Last night was a very nice night for sleeping. Yes, because of the soothing sounds of the falling rain, but more so because the rainstorm successfully kept the disgusting Korean men indoors. Now that the hot and humid weather is gone, we can leave our window open for some fresh air while we sleep. But with that fresh air comes the noises of the city. Most annoying of these noises is the constant sound of Korean men who clear their throats as loudly and disgustingly as possible and then spit. Although this topic will more than certainly seal the deal as far as my mom not coming to visit me (she hates spitters), the subject still seems blogworthy.
We live near a very nice park which is inhabited by people at all hours of the night and day (imo, Seoul is second only to Vegas when it comes to cities that truly don't sleep). When the window is open, I typically get woken up by noises a few times every night, but nothing is as disturbing as the loogy hockers. It truly is an epidemic in Korea. For a country that seems so germophobic (i.e. masks on their faces, hand sanitizer every ten feet, quarantining people who travel) they certainly don't share the western world's negative viewpoint towards spitting.
Every Korean seems guilty of spitting. I've even seen well dressed women spitting in the subway. But the main culprits are definitely Korean men. They do it everywhere and as loudly as they feel necessary. It's repulsive. My morning walk to the train station is often spent dodging the loogies from the previous night. Sometimes I make the same noise out my window because it is so gross, but I doubt my mocking them from a third story window is going to change the disgusting countrywide habit. Anyway, I digress.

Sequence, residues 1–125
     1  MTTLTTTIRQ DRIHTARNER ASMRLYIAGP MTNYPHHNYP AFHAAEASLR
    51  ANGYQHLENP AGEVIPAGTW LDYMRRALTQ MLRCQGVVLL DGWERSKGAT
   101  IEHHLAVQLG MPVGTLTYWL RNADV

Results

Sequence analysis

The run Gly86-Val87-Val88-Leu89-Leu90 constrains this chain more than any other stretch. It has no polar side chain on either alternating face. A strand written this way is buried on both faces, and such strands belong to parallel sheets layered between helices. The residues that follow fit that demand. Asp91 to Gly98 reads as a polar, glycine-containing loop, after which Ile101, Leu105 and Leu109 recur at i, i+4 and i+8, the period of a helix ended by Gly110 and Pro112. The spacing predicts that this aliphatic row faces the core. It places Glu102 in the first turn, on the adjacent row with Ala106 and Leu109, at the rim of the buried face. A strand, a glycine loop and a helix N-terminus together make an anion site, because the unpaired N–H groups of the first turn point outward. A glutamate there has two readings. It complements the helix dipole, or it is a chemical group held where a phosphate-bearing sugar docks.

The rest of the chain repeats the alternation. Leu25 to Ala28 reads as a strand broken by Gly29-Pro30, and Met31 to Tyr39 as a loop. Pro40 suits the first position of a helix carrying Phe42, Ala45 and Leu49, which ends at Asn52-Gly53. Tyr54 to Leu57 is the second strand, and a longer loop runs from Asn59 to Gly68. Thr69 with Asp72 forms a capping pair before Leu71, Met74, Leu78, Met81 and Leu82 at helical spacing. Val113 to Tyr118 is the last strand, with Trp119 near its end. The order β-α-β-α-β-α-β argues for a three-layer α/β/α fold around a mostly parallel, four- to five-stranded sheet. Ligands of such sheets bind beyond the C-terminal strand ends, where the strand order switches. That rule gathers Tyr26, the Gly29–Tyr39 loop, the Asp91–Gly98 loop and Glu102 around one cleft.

Kelly and I went to a bar in Itaewon (Sam Ryan's) to watch the taped Badger game yesterday. They lost :( but we had a good breakfast and met some nice people. The Canadian woman who works part-time at my school was there with some friends... random.
We both went to restaurants today with our respective co-workers. It is always interesting to hear what inappropriate question or comment they will make next. But the food was great. I had traditional Korean. Lots of different dishes and some very good fish (although I'm still not good at removing little bones with chopsticks, not sure how they do it!). It is also not easy for me to sit on a one square foot pillow on the ground for over an hour. I don't know how these old ajummas do it! I could barely walk out when we all said our goodbyes. Kelly and her co-workers went to a shabu-shabu restaurant, which is one of her favs! I think of Bill Murray in "Lost in Translation" when he says, "what kind of restaurant makes you cook your own food?" But I do really like it too.
1 year ago